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Stiffer Penalties for Injury by Reckless Driving

94% of drivers support the planned new driving offence, causing serious injury by dangerous driving.

In an April 2012 Internet poll of 1,431 drivers by the Institute of Advane Motorists, 94% affirmed that the new offence was a good idea.

Under current laws, when a driver recklessly causes very serious, he is often charged with dangerous driving. This is a serious crime with a heavy penalty, but does not take into account the severity of the damage done to other people's lives. This new law would reflect driver recklessness that causes life changing injuries, with even tougher penalties attached.

When asked if sentences should be based on the offence itself, or the outcome of the offence, for example causing a life-changing injury, the figures were close. While 53% thought the sentence should be based on the offence itself, 44% thought sentences should be based on the outcome.

When asked what the biggest deterrents to bad driving were, 70% replied: "enforcement – the likelihood I will get caught." Almost half of respondents (48%) said: "the consequences – causing death or injury to myself or others," and 43% said: "the severity of the punishment if I get caught."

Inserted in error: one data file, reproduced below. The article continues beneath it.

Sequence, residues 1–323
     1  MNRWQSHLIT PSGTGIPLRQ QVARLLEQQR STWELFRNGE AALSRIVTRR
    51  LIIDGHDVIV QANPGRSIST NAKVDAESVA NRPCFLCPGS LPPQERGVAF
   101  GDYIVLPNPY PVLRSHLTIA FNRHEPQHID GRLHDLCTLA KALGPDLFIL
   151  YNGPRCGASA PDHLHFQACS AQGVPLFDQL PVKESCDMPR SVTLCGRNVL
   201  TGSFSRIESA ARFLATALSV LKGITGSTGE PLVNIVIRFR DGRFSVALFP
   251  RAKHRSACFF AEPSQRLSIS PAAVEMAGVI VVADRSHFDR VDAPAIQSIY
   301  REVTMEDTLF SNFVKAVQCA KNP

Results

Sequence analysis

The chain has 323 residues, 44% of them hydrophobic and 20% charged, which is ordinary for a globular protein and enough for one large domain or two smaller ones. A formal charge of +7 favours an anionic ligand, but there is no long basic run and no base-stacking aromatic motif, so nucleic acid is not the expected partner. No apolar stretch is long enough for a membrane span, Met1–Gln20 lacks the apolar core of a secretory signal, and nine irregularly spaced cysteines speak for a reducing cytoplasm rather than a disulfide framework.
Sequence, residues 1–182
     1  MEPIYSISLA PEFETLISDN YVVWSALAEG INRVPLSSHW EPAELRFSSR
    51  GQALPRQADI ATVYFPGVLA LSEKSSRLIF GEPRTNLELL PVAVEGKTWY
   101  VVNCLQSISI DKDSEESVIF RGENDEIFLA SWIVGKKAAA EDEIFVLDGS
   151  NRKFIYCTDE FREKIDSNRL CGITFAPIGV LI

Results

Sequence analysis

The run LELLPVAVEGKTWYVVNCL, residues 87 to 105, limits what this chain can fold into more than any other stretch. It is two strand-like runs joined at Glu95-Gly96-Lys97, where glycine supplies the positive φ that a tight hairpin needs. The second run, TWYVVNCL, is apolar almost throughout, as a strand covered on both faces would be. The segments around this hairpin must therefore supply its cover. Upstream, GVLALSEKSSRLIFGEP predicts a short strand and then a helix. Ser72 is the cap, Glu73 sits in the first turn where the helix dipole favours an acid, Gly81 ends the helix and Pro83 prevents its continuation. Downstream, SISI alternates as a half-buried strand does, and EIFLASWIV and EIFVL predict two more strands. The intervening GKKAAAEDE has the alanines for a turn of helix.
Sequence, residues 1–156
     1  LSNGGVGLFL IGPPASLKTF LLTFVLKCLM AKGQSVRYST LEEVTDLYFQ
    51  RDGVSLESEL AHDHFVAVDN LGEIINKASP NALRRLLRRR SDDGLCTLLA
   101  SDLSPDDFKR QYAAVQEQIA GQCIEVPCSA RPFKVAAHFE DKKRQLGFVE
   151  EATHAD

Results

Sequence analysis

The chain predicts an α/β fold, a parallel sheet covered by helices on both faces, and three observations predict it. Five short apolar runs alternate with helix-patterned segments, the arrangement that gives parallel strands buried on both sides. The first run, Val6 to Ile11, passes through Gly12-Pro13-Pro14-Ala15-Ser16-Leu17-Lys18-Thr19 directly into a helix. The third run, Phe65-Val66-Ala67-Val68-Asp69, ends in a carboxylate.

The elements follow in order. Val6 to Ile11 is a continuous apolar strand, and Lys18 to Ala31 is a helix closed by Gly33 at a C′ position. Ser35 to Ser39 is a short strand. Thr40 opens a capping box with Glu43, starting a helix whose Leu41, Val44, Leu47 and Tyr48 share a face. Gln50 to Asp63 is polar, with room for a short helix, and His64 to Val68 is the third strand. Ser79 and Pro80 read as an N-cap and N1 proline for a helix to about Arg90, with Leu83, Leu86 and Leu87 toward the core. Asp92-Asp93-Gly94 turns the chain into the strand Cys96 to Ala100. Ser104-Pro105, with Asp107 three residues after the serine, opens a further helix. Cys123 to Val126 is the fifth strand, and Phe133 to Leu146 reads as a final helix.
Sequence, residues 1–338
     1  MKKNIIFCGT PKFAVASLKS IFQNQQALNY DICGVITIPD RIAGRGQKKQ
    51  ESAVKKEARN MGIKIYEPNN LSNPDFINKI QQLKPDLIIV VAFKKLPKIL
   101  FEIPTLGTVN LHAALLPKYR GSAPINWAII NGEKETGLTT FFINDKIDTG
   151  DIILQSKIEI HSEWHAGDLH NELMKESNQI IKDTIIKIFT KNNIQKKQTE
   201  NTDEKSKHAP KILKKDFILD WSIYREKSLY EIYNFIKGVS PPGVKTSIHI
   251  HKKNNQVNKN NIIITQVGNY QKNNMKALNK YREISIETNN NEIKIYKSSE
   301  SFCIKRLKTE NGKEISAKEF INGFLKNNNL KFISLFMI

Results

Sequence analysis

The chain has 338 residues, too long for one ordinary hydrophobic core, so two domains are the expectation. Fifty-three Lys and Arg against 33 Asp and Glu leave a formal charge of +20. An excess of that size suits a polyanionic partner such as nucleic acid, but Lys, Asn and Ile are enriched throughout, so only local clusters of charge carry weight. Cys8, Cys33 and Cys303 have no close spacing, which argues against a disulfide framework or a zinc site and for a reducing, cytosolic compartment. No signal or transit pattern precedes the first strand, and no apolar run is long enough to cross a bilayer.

IAM chief executive Simon Best commented: “People want to see tougher penalties to deal with situations where the victim of a road crash is seriously injured. But the government needs to ensure that punishments for dangerous driving accurately reflect the severity of the offences committed."

“It may seem shocking that enforcement is a greater deterrent to poor driving, than the risk of causing death of injury, but just as seeing police on the beat reduces crime, highly visible traffic cops reduce bad driving. Therefore any change in law needs to be supported by well resourced enforcement on our roads.”

(Causing serious injury by dangerous driving forms part of the Legal Aid, Sentencing and Punishment of Offenders Act 2012 (passed May 2012): legal-aid-and-sentencing-act

More at IAM

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